After a predetermined time, reading by the read amplifier 9 is enabled, with the application of a read pulse, as shown in waveform Enable RMA, which lasts over an interval terminating prior to the onset of the next cycle, when the data bus voltage decreases, and the next precharge begins.

With reference to FIG. 2B, a write cycle occurs with the inhibiting of the transistors 11 and 12, Precharge PRE being at low logic level. During that interval, write amplifier 10 is enabled by the Enable WMA control signal, which causes full logic level voltage to be applied differentially to the data bus 8. The data bus voltage rises faster than in the earlier case, due to the larger drive capability of the write amplifier as shown by waveform DB/DB*. After a predetermined rise time and time for the voltage on the data bus to become stable, a decoded column address signal Yi is applied to transistors 6, which causes the logic level to be sensed and passed to those charge storage cells that have been addressed via a corresponding wordline.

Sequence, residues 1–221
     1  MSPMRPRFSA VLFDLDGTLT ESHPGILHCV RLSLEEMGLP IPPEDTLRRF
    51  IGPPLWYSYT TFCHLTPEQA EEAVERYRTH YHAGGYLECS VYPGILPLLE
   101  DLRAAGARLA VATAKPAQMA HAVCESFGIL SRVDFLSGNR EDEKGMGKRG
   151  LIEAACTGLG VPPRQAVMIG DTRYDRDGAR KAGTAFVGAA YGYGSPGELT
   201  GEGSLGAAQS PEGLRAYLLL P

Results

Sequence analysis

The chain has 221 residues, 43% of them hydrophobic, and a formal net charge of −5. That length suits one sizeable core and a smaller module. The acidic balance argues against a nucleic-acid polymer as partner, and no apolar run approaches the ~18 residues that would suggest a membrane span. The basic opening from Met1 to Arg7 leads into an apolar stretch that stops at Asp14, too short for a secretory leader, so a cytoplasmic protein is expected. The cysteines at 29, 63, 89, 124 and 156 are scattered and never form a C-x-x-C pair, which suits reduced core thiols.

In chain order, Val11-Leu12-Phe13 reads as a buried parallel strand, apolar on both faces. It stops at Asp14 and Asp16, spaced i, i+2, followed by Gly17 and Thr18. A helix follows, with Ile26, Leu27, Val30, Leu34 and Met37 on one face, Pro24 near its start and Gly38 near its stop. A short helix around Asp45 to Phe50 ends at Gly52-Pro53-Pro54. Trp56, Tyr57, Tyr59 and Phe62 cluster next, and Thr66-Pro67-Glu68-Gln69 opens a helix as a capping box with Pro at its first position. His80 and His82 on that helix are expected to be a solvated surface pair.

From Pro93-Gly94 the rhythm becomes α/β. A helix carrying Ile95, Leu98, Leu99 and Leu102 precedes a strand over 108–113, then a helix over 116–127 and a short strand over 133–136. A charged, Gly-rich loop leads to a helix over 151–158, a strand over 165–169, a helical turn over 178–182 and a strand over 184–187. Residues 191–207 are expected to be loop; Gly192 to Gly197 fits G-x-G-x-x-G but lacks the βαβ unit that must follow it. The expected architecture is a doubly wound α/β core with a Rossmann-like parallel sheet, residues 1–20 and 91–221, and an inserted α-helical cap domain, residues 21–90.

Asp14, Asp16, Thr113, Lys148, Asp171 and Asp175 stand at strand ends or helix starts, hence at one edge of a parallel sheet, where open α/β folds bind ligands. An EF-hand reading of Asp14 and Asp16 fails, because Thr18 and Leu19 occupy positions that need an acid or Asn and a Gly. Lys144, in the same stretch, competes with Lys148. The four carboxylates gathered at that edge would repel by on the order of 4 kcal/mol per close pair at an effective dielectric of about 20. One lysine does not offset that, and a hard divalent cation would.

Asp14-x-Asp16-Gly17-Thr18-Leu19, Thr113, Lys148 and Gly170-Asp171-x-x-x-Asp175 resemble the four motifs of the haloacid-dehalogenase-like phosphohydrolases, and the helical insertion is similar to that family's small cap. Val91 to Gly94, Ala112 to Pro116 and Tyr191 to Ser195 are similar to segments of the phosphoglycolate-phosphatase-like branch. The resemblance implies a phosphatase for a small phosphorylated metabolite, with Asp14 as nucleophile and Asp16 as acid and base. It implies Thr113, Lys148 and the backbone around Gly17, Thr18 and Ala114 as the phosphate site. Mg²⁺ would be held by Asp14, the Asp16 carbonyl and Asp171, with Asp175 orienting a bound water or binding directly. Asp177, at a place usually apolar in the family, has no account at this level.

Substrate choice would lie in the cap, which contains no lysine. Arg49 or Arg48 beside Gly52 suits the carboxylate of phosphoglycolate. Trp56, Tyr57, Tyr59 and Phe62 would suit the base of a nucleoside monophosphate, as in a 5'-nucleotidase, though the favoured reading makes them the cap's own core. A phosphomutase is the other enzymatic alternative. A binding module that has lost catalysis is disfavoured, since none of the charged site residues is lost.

It has been an objective to raise the speed of operation of DRAMs to accommodate burst rates at least as high as 100 MHz and also to increase the speed of SRAMs. Normal data bus architectures such as the one described above cannot easily operate at 10 ns or less cycles because of the need to charge the capacitance associated with the long data bus conductors, as was seen by the rise times encountered by the signal DB/DB* in FIG. 2A.

In read operations the bitline sense amplifier, which is small, must charge and discharge the appropriate differential data bus lines to develop a large enough differential signal on the opposite end of the memory array that can be detected by the read amplifier. After the data bus is read, its conductors must be precharged in anticipation of the next read cycle.

In write operations, the data bus write amplifier must drive the data bus to full 0 and 1 logic levels to flip the bit line sense amplifier.